In this case, the reporter?s transcript for the March 25, 2014 hearing on the motion for final approval of the class action settlement, at which the trial court considered the fairness of the proposed class action settlement, shows that the attorney representing Trujillo and Riley appeared and argued their opposition to the settlement on the ground that the class notice did not adequately inform the class members regarding their tax liability.? Accordingly, we determine that under the circumstances of this case, Trujillo and Riley have standing to appeal.? (See Wershba, supra, 91 Cal.App.4th at p. 235.)? We recognize that Trujillo and Riley failed to file timely objections.? (Ibid.)? However, the trial court in this case ?impliedly found that any untimeliness did not prevent [appellants] from appearing and having [their] objections heard,? as did the trial court in Wershba.? (Ibid.)? We similarly determine that since Trujillo and Riley were allowed to ?present their objections below,? they have standing here.? (Ibid.)

Class counsel also argue that Trujillo and Riley lack standing to appeal because they are not aggrieved parties due to their failure to show during the proceedings below that they will suffer harm as a result of the class action settlement.? The California Supreme Court has stated:? ?One is considered ?aggrieved? whose rights or interests are injuriously affected by the judgment. ?[Citations.] ?Appellant?s interest ???must be immediate, pecuniary, and substantial and not nominal or a remote consequence of the judgment.??? ?[Citation.]?? (County of Alameda v. Carleson (1971) 5 Cal.3d 730, 737.)? We determine that Trujillo and Riley may be considered aggrieved parties because it is arguable that they will be bound by the judgment on the class action settlement that may cause them to be subject to federal income tax liability.

As to the argument that the appeal should be dismissed because Trujillo and Riley did not provide this court with an adequate record, we again turn to this court?s prior decision in Wershba😕 ?Without, of course, excusing any failure to comply with the [California] Rules of Court, we do not believe that such a drastic sanction is warranted here. ?[Citation.]? We will therefore proceed to the merits.?? (Wershba, supra, 91 Cal.App.4th at p. 237.)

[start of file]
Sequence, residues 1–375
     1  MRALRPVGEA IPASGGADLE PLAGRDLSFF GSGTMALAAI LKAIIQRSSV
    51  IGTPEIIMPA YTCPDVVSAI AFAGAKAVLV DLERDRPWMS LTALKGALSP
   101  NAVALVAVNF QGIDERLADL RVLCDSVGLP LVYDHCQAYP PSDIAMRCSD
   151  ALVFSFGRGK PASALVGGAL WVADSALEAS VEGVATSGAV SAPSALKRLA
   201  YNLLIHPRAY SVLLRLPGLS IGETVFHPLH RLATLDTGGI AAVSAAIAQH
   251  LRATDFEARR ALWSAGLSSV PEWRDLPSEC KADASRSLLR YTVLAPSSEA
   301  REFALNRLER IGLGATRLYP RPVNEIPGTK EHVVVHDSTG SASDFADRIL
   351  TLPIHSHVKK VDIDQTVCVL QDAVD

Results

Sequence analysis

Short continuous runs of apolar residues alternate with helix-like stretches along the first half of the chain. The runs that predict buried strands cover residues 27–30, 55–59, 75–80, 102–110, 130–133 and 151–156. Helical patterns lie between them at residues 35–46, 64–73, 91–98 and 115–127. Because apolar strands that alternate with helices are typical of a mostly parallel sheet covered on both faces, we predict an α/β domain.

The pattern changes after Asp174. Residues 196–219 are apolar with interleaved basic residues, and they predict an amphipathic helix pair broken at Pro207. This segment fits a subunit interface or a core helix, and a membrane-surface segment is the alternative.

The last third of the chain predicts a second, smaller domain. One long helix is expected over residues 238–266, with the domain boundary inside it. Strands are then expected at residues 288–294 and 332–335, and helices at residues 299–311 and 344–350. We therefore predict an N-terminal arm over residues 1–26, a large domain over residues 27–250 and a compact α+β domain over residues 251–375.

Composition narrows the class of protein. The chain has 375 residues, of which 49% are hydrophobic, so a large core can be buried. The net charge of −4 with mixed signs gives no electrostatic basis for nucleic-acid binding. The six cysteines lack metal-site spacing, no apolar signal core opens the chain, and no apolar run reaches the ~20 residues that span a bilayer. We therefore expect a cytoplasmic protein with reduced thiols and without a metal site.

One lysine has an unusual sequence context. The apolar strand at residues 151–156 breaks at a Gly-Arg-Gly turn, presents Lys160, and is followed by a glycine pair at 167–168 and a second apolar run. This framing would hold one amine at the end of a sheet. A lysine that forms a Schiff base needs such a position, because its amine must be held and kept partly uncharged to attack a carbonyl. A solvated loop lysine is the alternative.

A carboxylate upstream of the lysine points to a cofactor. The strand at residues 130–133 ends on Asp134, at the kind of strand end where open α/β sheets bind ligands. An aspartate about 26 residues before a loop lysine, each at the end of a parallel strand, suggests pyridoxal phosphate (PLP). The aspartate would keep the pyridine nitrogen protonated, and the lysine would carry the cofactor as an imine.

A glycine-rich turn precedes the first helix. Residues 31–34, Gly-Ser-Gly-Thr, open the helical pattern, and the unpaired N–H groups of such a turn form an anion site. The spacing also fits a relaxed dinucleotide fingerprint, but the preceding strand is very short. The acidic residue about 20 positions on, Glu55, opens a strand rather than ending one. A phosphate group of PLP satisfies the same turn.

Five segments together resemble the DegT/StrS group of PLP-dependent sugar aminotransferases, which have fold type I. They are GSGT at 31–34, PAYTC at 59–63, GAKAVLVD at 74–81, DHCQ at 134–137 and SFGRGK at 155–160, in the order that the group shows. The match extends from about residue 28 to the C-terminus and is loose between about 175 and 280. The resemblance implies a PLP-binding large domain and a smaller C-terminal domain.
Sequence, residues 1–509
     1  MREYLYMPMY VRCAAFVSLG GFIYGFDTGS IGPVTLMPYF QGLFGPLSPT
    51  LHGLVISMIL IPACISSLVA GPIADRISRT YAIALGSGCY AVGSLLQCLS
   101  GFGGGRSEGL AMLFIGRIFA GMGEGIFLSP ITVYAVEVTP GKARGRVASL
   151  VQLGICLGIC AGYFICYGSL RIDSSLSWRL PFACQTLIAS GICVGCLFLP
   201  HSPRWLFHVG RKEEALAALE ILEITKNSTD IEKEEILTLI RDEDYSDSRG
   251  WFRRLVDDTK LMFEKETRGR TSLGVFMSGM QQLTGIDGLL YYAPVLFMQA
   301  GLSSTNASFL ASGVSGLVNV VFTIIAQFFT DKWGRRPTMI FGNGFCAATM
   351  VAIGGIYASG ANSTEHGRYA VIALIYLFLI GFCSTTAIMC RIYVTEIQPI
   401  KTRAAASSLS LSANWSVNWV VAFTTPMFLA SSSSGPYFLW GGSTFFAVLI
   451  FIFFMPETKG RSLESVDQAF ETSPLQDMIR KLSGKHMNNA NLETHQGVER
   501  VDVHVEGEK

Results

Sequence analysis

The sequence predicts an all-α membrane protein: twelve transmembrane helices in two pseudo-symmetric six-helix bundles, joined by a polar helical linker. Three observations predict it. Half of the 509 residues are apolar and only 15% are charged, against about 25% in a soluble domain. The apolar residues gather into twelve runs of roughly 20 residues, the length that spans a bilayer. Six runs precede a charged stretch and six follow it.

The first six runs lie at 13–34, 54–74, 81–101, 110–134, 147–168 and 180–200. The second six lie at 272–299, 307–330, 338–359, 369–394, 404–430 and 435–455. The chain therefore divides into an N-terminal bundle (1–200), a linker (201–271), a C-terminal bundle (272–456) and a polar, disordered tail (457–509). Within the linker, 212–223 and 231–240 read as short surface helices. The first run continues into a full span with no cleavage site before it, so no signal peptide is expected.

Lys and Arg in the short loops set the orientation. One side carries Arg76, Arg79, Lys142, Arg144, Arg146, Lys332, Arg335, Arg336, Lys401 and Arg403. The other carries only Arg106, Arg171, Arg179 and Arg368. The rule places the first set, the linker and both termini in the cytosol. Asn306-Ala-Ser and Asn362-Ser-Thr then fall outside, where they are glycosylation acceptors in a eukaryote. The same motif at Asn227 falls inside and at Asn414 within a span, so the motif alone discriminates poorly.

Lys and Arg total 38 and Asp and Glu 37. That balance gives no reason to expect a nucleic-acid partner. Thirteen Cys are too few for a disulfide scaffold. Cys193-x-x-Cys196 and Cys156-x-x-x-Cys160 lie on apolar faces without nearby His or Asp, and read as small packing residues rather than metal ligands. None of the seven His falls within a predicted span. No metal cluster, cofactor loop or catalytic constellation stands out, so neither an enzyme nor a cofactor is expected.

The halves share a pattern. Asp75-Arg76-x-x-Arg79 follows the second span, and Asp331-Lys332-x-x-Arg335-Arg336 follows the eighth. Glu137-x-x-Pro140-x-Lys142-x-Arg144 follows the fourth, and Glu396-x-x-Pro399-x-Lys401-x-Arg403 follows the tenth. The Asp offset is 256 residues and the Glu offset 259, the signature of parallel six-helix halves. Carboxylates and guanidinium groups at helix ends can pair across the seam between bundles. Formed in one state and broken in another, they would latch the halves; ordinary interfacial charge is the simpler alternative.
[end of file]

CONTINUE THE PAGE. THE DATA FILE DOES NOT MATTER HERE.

1. Standard of Review

??????????? The United States Supreme Court has stated: ??The class-action device was designed as ?an exception to the usual rule that litigation is conducted by and on behalf of?the individual named parties only.?? [Citation.] ?Class relief is ?peculiarly appropriate? when the ?issues involved are common to the class as a whole? and when they ?turn on questions of law applicable in the same manner to each member of the class.?? [Citation.] ?For in such cases, ?the class-action device saves the resources of both the courts and the parties by permitting an issue potentially affecting every [class member] to be litigated in an economical fashion . . . .?? [Citation.]?? (General Telephone Co. of Southwest v. Falcon (1982) 457 U.S. 147, 155.)? The California Supreme Court has noted that ?????[b]y establishing a technique whereby the claims of many individuals can be resolved at the same time, the class suit both eliminates the possibility of repetitious litigation and provides small claimants with a method of obtaining redress . . . .? ?? [Citation.]?? (Linder?v. Thrifty Oil Co. (2000) 23 Cal.4th 429, 435.)

As to absent class members, ?[u]nder federal and California law, a judgment in a class action is binding on class members in any subsequent litigation, though the ability to bind absent class members depends on compliance with due process regarding notice and adequate representation. ?[Citations.]?? (Louie v. BFS Retail & Commercial Operations, LLC?(2009) 178 Cal.App.4th 1544, 1555.)

More specifically, the United States Supreme Court has ruled that ?[i]f the forum State wishes to bind an absent plaintiff concerning a claim for money damages or similar relief at law, it must provide minimal procedural due process protection. ?The plaintiff must receive notice plus an opportunity to be heard and participate in the litigation, whether in person or through counsel. ?The notice must be the best practicable, ?reasonably calculated, under all the circumstances, to apprise interested parties of the pendency of the action and afford them an opportunity to present their objections.?? [Citations.] ?The notice should describe the action and the plaintiffs? rights in it. ?Additionally, we hold that due process requires at a minimum that an absent plaintiff be?provided with an opportunity to remove himself [or herself] from the class by executing and returning an ?opt out? or ?request for exclusion? form to the court.?? (Phillips Petroleum Co. v. Shutts (1985) 472 U.S. 797, 811-812, fn. omitted (Phillips?Petroleum).)